I’ve noticed I’ve had to clean 1 out of 10 discs and about 1 out of every 30 discs are busted, damaged, or unreadable. If we assume discs are rented an average of once per week, that means that a regular DVD disc lasts about a half year in circulation before it needs to be either taken out and a new one purchased.

What’s next? If I put newer releases on the queue I’ll have to pay a $1 more also?

I mean. Fine, Netflix, raise my rates a dollar, but don’t give me the bullshit.

Keating Economics

Disclaimer: I’m going to issue a non-apology for all my political articles of late. If it makes you feel better, I’ve only been posting about a tenth of the political articles that I’ve started writing and I’ll soon return to my regular rare political rant blog after this cycle is over. I’m just wrapped up in what will certainly become the most important single political event of my generation. Remember that the singular reason I started blogging almost four years ago was because of politics. You may not agree with me, but realize the motto of this blog:

Write to create context for another to think.

Last Friday at work someone asked me why I seemed in uncommonly good spirits. I replied: “Because the electoral map finally looks like a disaster for McCain.” After a dalliance into spin and absurdity, I thought I had a right to be pleased that reality, as it were, was on the march. “The only problem,” I said, “was this means McCain’s campaign will be forced to get ugly fast.”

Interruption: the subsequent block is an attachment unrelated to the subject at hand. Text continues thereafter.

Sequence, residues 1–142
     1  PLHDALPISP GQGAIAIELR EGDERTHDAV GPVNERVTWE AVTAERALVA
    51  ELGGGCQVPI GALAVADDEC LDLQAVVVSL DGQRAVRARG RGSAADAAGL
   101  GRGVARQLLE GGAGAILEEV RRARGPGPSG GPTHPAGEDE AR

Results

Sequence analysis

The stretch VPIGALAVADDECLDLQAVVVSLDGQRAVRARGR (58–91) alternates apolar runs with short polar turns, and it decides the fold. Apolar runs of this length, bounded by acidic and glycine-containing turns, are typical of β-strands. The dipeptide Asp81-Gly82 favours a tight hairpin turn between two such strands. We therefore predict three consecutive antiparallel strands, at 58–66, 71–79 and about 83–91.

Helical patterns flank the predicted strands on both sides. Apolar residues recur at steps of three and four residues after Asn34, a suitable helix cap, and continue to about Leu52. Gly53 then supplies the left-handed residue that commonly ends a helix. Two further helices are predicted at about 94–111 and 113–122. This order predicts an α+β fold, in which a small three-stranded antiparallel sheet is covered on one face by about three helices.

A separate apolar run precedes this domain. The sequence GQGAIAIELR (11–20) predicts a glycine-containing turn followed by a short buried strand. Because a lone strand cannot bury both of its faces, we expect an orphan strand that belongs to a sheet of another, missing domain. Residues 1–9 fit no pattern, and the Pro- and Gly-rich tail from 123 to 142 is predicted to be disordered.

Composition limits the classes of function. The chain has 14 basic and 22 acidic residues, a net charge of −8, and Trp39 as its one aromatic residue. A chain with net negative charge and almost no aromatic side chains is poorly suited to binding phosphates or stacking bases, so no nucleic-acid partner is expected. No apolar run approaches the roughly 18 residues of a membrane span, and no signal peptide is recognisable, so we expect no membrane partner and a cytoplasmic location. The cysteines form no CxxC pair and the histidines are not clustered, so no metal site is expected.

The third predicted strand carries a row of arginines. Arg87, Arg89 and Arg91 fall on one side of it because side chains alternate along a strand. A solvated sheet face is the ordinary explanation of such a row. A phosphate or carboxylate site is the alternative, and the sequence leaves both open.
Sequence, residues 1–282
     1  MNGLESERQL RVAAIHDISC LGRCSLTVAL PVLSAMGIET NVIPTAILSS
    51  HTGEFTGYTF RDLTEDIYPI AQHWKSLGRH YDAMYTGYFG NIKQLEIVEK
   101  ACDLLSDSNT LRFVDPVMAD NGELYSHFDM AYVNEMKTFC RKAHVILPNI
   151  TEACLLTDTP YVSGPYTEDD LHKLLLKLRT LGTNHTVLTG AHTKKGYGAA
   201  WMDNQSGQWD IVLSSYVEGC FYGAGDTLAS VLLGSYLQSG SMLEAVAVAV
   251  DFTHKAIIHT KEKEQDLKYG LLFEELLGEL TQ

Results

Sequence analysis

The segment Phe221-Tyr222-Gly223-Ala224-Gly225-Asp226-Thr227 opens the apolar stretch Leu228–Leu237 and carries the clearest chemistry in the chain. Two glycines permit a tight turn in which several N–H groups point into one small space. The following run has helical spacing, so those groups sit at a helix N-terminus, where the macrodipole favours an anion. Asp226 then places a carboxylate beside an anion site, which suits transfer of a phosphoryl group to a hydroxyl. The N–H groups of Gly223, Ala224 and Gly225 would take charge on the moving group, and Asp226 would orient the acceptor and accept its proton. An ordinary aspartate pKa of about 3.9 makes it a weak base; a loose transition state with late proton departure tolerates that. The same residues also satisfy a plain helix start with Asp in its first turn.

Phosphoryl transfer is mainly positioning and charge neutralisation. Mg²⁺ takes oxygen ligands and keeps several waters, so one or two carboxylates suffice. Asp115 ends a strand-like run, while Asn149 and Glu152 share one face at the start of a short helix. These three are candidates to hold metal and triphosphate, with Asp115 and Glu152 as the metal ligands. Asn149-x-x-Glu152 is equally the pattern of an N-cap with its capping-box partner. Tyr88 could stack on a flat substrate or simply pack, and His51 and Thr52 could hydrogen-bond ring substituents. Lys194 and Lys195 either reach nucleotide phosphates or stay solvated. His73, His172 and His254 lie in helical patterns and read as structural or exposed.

I was sick over the weekend and yesterday, so I didn’t realize I had been right until this morning. This bothers me because spite works in spite of the myth that Americans dislike negativity. I have a Pavlovian response bourne from experience that the Democrats will snatch defeat from the jaws of victory once more by not addressing the negative campaigning with some negativity of their own or try to defeat the absurdity of the claims with logic. It seems every two years my co-workers can hear me yell randomly, “Fucking Democrats think that voters are Vulcans.”

political strategery after the jump

Hypocrisy thy name is Libertarian

“Hours of interviews in Manassas Park turned up exactly one resident in favor of the bailout, a fellow in a Harvard T-shirt in a big house near the golf course. Richard Bejtlich, 36, who works in computer security for General Electric—its stock jumped dramatically Friday when the government banned short-selling of financial securities—says he’s a libertarian and normally wouldn’t support government intervention. But there’s no other way at this point, he says, because we’re in too deep of a hole and have been too profligate.”
“A Sense of Resentment Amid the ‘For Sale’ Signs”, Washington Post, September 22, 2008

Shorter Libertarian:

“I was for unfettered capitalism before I was against it.”

What’s the point in trying to brainwash them to become mindless conservatives when it seems ignorance and selfishness at our top universities are doing the job for you?

(I’ve been ranting too long about this, so please read Paul Krugman and William Kristol. Newsweek has a summary of the economic philosophies of the two candidates.)